Admittedly, I get frustrated with the “oh are you looking to start a MSc?” questions, but try to take them as an opportunity. If people underestimate me based on appearances, I just need to let my abilities speak for themselves. Furthermore, having a unique attribute (nose piercing, pink hair, dreads) might help you stand out from the crowd, which could be useful during job searches… then again, maybe not. I’ll get back to you on that in a few months… 🙂

    For clothing, I’ve found that I’m incredibly uncomfortable wearing drab coloured polyester suits. Not only are they physically restrictive and itchy, but they throw me off mentally and emotionally as well. Wearing something that isn’t “me” makes me feel false and unauthentic. And that detracts from my abilities. When I’m comfortable and confident, I’ll do a much better job of explaining my work, giving a talk, or even just speaking with colleagues. I do tend to dress “up” a bit for conferences, beyond my typical jeans, tee, and hoodie, but not to the same extent as others.

    Fortunately, ornithologists are among the most casual of conference-goers, so it’s less a problem if I stick to that realm. I feel a bit more out of place with conservation biology, waterfowl, and wildlife management people.

    Thanks for discussing this problem in a post – I’ve been making to write something similar. I’m interested to read further comments, especially from untattooed/unpierced individuals!

  7. I am very heavily tattooed – I have tattoos on my hands, face and neck. However, my academic work is *about* tattooing, so perhaps that explains my slight free-ride on this (I’ve never had a problem)…

    I do try and dress smart-casually anyway – always a shirt – but often wear jeans. Honestly, academia in genera; and art history in particular do seem to be very tolerant of eccentricity of all stripes.

    • Thanks Matt

      I think that the issue is probably discipline specific to a degree – but agree with your point about eccentricity. When I am feeling particularly scruffy I reassure myself that I am simply being eccentric 🙂

  8. I read an op-ed on the Chronicle’s website a year or so ago about a professor who decided to ‘dress up’ for a while. He invested a lot of money in a few high quality suits and went to work, for lack of a better term, like a business professor. Instantly, his students were attentive, straight-backed, and more mentally ‘present.’ He did note, I think, that the class room turned into a space that was entirely too much energy, effort (and money) for him to maintain and ended up relaxing back to somewhere in between ‘well-dressed,’ and casual. Personally, I wear trousers early on and switch to jeans once we’re all on the same page. Thankfully, we work in field where we have a choice!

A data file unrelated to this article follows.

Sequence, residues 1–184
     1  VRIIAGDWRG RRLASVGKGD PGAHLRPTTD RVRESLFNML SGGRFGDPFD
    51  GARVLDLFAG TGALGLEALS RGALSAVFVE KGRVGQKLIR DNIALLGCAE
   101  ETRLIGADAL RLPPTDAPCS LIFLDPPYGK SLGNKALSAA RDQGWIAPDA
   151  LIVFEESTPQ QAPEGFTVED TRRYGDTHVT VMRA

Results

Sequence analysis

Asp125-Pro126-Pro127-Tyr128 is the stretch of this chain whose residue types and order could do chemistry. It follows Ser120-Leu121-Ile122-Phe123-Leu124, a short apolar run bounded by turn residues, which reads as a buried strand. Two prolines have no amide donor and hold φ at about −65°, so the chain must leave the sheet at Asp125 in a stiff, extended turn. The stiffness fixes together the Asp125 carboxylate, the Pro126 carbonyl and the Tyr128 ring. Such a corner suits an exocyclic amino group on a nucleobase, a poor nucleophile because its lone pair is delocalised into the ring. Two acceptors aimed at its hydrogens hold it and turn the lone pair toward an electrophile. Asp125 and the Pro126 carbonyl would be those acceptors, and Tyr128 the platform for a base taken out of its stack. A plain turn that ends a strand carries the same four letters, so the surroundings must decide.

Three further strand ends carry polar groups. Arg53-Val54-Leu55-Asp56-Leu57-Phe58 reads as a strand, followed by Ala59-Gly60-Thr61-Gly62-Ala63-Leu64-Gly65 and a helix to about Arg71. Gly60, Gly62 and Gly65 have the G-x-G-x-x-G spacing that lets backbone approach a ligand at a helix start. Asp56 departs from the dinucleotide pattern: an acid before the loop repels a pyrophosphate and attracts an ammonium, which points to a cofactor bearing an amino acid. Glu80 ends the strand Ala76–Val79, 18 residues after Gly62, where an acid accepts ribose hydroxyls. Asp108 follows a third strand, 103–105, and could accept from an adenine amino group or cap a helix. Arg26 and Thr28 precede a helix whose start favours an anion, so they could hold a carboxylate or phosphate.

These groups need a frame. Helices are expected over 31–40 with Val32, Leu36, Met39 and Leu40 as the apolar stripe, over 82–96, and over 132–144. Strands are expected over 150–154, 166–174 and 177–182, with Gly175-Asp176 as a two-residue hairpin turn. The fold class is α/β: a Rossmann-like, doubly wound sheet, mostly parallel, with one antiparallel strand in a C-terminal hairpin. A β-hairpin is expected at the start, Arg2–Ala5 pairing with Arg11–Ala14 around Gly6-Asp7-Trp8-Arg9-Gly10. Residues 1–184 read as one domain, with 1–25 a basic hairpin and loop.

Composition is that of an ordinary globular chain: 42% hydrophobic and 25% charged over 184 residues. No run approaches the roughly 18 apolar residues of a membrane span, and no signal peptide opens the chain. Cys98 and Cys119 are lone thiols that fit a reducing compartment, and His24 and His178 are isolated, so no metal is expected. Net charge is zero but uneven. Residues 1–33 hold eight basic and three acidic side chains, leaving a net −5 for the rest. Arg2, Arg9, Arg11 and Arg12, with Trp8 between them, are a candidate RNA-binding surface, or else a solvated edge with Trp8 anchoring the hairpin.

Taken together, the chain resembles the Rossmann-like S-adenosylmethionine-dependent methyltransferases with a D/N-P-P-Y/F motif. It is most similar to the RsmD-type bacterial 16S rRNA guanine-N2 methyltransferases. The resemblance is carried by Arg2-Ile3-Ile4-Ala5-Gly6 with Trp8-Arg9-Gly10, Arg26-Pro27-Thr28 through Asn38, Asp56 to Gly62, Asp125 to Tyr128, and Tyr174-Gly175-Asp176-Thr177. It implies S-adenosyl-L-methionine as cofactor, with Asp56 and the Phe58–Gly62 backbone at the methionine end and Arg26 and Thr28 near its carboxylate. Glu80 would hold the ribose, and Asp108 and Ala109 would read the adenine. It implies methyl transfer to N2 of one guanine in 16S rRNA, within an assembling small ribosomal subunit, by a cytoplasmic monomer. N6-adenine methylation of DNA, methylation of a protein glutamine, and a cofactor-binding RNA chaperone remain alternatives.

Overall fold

• Thanks for this – very interesting! I know there is a lot of research out there on the importance of clothes (in particular shoes) in the workplace both in setting an atmosphere for those around you, but also in making yourself feel authoritative or equipped for a particular setting. Never though about a more considered strategy such as you suggest…

      Alex

  9. Very interesting discussion. I also look younger than I am and people sometimes think I’m in high school or doing a bachelor, although I’m about to start a PhD. I’ve tried dressing more “grown up” than the students, using nice shoes (with heels) and a blazer. But I often feel over dressed and just like you I’m worried that people won’t take me seriously. It’s also difficult to find nice clothes and shoes that are practical and comfortable for hours of lab work.
    I agree that we should all be able to dress the way we wan’t too, both “extra fancy and un-fancy”, but I also think we all are guilty of judging people by their clothes…

  10. Thanks for writing this! Like I said on Twitter, my mods are something I’ve never given a second thought to in relation to academia, though I am now (belatedly) wondering whether I should be… 😉

    I guess I’m fairly well modded. I’ve got half sleeves and a leg piece, chest piece, and wrist and hand tattoos, as well as stretched ears and facial piercings, so there’s always something on show. Though I’m a PhD student my day job is in the Civil Service and I often meet company directors, MDs and high-ups in the Civil Service, and the clothes I wear to work usually consist of a V-neck top, so my chest piece at least is always visible. I’ve never had any negative comments from my (very professional) workplace though, and I assumed that academia would be the same. I’m really not sure if I’m bothered if it’s not though. I think what’s clear from the comments that other people have made is that feeling comfortable is by far the most important thing. I feel far more comfortable when I have some mods on show than I do when I cover them up, and I’m going to do my best work when I’m comfortable – regardless of whether others are comfortable with my mods or not.